Doctoral dissertation definition
A doctoral dissertation is a consistent scholarly work based on independent research that makes an original contribution to knowledge (definition approved by the Faculty Council on 7 February 1995). Besides being in the form of a monograph, the dissertation may also be a compilation of several separate scholarly articles (see below). The manuscript submitted for preliminary examination must be written in the same language as the final version of the dissertation.
Examination process and preliminary examiner’s role
The examination of doctoral dissertations is a two-stage process: first, dissertations are examined in a preliminary examination, and then, in a public examination.
After the public examination, the Faculty Council approves and grades, or rejects, the dissertation based on the documents compiled during the examination process and on its expertise. The members of the Faculty Council have access to the preliminary manuscript (preliminary examination) and the dissertation (final approval and grading or rejection) before they make their decision.
The preliminary examiners have great responsibility in ensuring that incomplete dissertations are not allowed to go forward to public examination. It is highly problematic in terms of students’ legal rights if it is not discovered until the public examination that the dissertation does not meet the minimum requirements set for dissertations.
The Faculty Council appoints at least two preliminary examiners as well as an internal (Faculty) examiner who oversees the entire process from preliminary examination to public examination.
The preliminary examiners are expected to provide a reasoned written statement in which they explicitly recommend either that the doctoral candidate be granted permission to defend the dissertation in a public examination or that the candidate be denied this permission. In other words, the duty of the preliminary examiners is to assess whether the manuscript fulfils the minimum requirements for a doctoral dissertation in its present state or after minor revisions. The recommendation must not be conditional, meaning that the examiner must not recommend granting the permission for a public defence after certain corrections have been made.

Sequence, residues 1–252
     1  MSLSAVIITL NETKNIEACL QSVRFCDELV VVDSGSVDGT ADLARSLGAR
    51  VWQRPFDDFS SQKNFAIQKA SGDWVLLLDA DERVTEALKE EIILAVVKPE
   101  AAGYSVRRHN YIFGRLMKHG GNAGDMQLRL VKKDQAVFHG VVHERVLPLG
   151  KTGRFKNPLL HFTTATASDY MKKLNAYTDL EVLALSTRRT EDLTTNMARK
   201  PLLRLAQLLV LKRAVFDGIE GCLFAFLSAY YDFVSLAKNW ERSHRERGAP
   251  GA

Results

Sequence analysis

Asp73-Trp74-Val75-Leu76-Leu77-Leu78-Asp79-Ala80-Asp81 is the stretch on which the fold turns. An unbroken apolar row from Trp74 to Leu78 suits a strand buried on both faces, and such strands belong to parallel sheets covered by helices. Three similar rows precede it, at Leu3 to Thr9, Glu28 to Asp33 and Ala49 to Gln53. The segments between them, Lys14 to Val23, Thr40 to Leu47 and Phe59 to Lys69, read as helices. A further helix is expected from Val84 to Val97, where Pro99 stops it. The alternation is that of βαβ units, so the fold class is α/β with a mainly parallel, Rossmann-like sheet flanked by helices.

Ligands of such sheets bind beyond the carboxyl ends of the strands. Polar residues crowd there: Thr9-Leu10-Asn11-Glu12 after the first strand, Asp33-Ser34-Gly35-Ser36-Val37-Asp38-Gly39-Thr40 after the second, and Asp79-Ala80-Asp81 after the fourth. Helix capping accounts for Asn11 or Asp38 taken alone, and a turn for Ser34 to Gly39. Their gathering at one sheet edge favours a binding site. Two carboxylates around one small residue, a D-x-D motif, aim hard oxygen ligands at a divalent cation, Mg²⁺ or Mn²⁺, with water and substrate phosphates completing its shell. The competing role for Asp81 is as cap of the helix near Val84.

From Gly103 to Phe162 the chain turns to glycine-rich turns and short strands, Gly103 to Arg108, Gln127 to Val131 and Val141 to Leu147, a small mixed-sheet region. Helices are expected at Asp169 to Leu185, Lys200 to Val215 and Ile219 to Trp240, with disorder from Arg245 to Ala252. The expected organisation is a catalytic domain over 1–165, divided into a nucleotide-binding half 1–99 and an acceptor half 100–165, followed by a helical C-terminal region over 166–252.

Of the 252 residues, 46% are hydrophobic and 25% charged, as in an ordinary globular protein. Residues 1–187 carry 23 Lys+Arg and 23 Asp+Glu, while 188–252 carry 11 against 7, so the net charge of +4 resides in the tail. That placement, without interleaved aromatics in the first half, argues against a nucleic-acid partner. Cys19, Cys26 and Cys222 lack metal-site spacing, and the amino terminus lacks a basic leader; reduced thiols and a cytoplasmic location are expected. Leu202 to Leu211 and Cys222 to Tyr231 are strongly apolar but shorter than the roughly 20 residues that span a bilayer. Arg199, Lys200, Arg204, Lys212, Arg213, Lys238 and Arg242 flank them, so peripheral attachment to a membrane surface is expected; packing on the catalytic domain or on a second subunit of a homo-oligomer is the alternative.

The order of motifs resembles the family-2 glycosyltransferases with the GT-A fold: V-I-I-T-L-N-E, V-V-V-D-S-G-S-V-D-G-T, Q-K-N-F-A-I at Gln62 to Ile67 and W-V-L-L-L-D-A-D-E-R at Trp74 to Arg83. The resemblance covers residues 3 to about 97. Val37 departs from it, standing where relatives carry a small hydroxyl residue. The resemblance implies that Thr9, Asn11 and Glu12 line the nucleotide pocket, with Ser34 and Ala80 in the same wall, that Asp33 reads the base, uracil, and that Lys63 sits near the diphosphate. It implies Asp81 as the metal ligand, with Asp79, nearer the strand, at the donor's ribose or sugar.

- Choice of topic, research problem, refining of research task and research questions: The topic should have significant information value. The research task should be appropriately refined. The Faculty recommends that a monograph be no more than about 250 pages long, excluding appendices.
- Acknowledgement of previous research: The work must serve as an appropriate continuation of previous debate or introduce a completely new initiative. Previous research must thus be acknowledged, but not repeated as such.
- Conceptual clarity, definitions and theoretical knowledge: The reader must be able to fathom what the research is about.
- Methods: The methods used must be presented and justified.
- Material: The material must be qualitatively relevant and quantitatively sufficient.
- Results and conclusions: The scientific significance of the results and conclusions should be neither exaggerated nor underestimated. The analysis must be logical and include different points of view. Interesting prospects for follow-up research can be considered as a merit, as can the social relevance of the research.
- Format: The structure of the dissertation must be logical and the language clear. The basic idea must not be overwhelmed by a mass of information.
- Critical attitude: The writer should demonstrate a critical attitude towards previous research, theories, methods, material, sources and the scientific significance of his or her own work. In other words, good research is original and independent.